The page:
It felt like the weather was changing when we left Ljubljana, but rather after light rain, the sun felt like it was going to break through – it didn’t quite though. It wasn’t far to drive to Predjama Castle from Ljubljana, taking around one-hour – and most of that was escaping the traffic from Ljubljana.
It was an enjoyable drive, taking us along some quieter country roads. There wasn’t much to see, but the scenery itself was enjoyable enough. It came as a surprise when we did eventually arrive, as I was expecting to be near some large mountain – but we were still in the same hills that we’d been driving through for the past 30-minutes. Amazingly, we parked for free right by the castle – probably a little lucky arriving later in the day, and towards the end of September.
I was once again surprised when I caught my first glimpse of the castle. I’d read the description that it was built into a cave, but I’d purposely avoided seeing images. The description is perfect, however I didn’t imagine it to look like this – I was expecting something far up in the mountains, and much smaller. It might sound like we were disappointed, but not at all. I was really amazed at the size and location of it – literally built into a large cave, and connected only by a small drawbridge.
We were too late to enter – again, might explain why parking was so simple – but we were able to freely wander around outside the gates. There were a few smaller caves below – which I read are possible to spelunk your way through (with a guide, of course).
I was also truly surprised to see the small stream below that was flowing into the mountain. I was expecting it to be leaving – and that the castle was tapping into that flow for water/sanitation.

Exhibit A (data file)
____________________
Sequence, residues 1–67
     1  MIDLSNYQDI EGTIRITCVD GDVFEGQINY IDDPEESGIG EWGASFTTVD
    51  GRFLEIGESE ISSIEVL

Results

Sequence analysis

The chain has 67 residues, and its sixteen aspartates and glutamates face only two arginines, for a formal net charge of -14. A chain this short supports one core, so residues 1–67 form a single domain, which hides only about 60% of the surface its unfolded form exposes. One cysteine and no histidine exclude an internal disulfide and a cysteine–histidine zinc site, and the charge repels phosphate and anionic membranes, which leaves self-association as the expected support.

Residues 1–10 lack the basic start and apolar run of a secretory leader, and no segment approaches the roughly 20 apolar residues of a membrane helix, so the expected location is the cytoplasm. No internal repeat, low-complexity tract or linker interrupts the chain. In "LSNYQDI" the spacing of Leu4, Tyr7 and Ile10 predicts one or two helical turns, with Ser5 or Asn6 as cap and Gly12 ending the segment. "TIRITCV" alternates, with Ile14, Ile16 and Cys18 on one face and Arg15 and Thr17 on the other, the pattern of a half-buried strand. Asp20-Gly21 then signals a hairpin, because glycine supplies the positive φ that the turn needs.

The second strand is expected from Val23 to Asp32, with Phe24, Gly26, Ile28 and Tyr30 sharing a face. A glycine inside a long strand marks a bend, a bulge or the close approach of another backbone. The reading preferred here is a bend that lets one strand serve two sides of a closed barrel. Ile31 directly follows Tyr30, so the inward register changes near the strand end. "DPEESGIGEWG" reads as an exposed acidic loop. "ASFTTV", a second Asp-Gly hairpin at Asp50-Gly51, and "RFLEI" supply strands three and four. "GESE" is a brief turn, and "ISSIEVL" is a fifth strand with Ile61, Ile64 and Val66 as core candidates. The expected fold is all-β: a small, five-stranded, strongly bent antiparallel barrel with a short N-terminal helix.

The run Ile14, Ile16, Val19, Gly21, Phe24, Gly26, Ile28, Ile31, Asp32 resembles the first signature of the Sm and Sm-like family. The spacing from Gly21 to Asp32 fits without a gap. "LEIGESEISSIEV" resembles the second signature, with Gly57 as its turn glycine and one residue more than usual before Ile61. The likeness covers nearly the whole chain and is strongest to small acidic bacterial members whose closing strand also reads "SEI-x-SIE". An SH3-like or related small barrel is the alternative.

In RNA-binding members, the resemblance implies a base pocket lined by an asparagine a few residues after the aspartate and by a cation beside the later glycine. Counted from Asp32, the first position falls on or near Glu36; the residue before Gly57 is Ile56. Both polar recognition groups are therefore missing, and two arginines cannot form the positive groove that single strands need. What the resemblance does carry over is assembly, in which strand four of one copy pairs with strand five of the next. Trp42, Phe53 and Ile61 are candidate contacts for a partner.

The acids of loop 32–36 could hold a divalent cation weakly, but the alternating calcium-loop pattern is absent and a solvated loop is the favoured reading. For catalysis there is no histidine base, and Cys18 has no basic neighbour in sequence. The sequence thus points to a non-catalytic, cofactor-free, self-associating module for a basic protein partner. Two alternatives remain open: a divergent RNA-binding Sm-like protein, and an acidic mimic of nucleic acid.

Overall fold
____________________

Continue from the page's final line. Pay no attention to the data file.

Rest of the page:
But, really, the attraction was this beautiful castle, that to my novice eyes looked pretty well defended.
There was a distinct lack of free sleeping options between here and our next stop, Piran. That was until I broadened the search a little, and realised that with only a very minor detour, we could spend the night in Italy again! It wasn’t anything special, just a large car park in a small village in the hills above Trieste. It felt strangely nostalgic to be back in Italy – somehow the two-stroke scooters felt less annoying here, like it was part of the culture.
The clouds cleared as we crossed into Italy last night, and the skies were still clear this morning – albeit with some ridiculously strong winds. It felt bizarre being back in the warmth and sunshine again. We were honestly both confused, like we’d been warped back in time to May/June, when we were sweating (and burning) every day. After more than a month in the north of Europe, with frequent cool temperatures and drizzle, it felt incredible.
It wasn’t far from the Italian border, and unsurprisingly, it very much felt like we were in Italy – which was both good and bad. It’d been quite some time since I had to navigate the roads of such a small and old town in a motorhome. I clipped mirrors with a delivery van, and he chased after us, telling me that we cracked his mirror. I apologised, but said I didn’t believe it, as we were travelling quite slow, plus our mirror pushes in quite easily. He called his boss, and it sounded like there was existing damage after all.